Despite many of the improvements in lightweight footwear for tennis, there are still drawbacks worth keeping in mind, which often stem from reducing the amount of material.
Here are some of the top complaints that tend to bubble up.
One area where lightweight tennis shoes tend to suffer most is with regards to durability. To keep the weight of footwear down, companies will reduce the amount of protective material available.
The outsole, which is the dense, durable, and heavy rubber at the bottom of a shoe, tends to be part of a shoe where less material helps reduce weight but results in players wearing through the shoes faster.
Similarly, many tennis shoes provide protective materials that wrap or cover a shoe’s upper to resist abrasion. In some cases, these materials are minimized or dropped entirely to decrease weight.
The net result is that a shoe’s durability tends to decline as the shoe’s weight decreases.
For this reason, you’ll typically find many of the lightest weight tennis shoes don’t come with durability guarantees.
To a degree, added material in a shoe’s sole and upper can help increase its overall stability. Therefore, as companies reduce the amount of material throughout the shoe, they tend to lose a bit in this department.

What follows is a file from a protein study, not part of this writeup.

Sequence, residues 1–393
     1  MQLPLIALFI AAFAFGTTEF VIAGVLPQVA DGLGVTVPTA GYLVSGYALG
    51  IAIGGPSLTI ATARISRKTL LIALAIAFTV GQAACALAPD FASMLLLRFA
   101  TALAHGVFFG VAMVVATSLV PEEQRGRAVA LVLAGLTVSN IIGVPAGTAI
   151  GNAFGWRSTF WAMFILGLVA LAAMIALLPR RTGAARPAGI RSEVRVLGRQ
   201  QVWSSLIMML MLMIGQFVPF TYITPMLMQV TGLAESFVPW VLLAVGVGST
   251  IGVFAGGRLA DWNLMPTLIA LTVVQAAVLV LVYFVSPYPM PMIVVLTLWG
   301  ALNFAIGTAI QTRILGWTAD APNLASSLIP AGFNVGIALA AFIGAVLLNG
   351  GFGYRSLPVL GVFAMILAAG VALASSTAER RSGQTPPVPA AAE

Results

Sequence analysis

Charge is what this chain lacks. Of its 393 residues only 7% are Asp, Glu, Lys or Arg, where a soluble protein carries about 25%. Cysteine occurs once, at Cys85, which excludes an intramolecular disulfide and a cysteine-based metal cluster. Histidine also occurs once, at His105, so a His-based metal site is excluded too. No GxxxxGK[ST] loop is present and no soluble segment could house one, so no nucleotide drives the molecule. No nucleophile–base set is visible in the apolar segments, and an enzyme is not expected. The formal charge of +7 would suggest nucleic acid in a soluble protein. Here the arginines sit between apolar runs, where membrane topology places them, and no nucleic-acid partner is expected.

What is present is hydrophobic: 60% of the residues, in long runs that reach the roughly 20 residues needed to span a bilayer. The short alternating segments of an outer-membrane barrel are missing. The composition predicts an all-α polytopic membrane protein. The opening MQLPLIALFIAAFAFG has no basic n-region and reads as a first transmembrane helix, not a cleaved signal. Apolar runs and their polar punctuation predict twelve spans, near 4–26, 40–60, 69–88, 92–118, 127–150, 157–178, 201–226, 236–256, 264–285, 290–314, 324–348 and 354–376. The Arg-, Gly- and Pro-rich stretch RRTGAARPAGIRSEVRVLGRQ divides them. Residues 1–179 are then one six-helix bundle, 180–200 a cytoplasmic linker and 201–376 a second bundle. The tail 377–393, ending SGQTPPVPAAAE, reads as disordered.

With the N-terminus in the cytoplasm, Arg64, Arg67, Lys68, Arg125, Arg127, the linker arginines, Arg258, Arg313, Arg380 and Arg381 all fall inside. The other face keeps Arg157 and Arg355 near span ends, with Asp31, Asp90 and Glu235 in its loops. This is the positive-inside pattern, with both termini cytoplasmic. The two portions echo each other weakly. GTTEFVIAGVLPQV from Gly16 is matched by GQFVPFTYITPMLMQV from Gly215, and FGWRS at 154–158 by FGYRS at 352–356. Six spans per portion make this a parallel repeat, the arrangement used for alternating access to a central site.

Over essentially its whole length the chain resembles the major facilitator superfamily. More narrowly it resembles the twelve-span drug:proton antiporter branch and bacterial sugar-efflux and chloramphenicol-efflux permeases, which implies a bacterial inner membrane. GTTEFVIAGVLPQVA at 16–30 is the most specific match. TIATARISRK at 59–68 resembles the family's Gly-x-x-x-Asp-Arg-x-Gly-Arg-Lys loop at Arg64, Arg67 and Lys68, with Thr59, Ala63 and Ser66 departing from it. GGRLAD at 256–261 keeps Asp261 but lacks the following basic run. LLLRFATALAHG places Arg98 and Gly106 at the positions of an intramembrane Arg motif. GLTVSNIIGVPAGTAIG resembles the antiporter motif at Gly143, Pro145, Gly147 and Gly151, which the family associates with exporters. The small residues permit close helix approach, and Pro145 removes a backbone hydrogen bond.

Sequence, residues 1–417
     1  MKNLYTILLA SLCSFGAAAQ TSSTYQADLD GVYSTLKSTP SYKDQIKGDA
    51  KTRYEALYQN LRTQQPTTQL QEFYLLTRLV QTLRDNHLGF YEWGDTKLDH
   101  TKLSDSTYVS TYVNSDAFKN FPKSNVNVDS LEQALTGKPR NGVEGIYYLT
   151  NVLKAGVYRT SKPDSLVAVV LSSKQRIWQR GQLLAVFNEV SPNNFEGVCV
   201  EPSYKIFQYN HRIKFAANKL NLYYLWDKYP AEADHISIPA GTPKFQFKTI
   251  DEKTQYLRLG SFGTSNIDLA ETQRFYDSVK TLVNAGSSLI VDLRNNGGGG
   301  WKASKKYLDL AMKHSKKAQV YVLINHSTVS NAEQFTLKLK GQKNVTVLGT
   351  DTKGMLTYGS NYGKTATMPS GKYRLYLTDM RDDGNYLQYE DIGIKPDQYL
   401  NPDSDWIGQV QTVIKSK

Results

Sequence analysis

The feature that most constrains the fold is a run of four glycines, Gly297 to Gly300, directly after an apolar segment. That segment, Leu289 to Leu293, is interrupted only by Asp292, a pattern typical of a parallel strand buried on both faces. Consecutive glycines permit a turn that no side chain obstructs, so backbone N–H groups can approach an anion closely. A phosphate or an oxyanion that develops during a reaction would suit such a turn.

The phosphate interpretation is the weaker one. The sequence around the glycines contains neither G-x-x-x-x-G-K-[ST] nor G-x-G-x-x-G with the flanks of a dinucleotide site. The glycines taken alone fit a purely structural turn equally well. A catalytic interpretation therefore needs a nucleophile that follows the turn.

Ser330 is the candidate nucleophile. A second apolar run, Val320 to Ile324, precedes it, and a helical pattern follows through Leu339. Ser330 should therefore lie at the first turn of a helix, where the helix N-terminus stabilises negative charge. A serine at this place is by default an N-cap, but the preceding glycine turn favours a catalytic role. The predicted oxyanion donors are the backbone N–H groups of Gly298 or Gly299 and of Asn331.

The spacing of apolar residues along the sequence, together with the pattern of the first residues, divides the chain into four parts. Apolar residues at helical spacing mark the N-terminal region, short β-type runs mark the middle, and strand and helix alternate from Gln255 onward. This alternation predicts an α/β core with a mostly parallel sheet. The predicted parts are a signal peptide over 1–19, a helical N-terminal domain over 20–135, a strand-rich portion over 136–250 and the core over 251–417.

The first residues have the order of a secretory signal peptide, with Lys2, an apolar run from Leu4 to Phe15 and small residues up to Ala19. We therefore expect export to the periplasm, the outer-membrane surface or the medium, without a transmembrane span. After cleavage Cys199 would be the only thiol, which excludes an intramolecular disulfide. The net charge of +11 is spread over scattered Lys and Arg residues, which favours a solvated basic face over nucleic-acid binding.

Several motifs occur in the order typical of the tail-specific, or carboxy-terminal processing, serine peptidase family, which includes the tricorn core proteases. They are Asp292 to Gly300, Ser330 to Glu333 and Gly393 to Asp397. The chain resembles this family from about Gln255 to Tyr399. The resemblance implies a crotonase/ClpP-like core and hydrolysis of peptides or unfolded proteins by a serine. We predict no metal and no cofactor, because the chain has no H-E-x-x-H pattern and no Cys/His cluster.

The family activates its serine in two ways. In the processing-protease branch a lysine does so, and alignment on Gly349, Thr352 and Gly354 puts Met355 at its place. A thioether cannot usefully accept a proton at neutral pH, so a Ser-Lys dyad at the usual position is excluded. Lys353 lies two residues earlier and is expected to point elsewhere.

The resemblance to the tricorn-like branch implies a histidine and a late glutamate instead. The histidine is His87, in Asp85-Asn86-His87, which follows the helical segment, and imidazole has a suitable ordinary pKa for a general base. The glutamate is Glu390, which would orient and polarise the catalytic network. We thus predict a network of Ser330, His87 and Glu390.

Creative shoe design has enabled less material to provide adequate stability, but most players agree that the most stable shoes typically aren’t the lightest.
The majority of a shoe’s comfort will stem from the midsole, which is usually a lightweight EVA foam. However, to an extent, if the thickness of a midsole decreases, so does the comfort and shock absorption.
Some shoes will reduce the amount of EVA foam or substitute it with alternative technologies, such as Nike Zoom Air, to reduce weight, but many argue it doesn’t provide the same level of comfort.
Compared to other disadvantages, this is arguably where advancements in technology have allowed lightweight tennis shoes to be as comfortable as any other, but it ultimately depends on the shoe.